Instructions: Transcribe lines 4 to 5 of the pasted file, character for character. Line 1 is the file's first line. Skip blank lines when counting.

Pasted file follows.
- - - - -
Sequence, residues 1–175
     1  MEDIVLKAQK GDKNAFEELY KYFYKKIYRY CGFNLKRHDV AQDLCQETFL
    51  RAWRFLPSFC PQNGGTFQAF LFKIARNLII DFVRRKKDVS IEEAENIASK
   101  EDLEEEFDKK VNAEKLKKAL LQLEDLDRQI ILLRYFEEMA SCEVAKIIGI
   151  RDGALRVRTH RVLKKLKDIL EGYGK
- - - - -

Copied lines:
   101  EDLEEEFDKK VNAEKLKKAL LQLEDLDRQI ILLRYFEEMA SCEVAKIIGI
   151  RDGALRVRTH RVLKKLKDIL EGYGK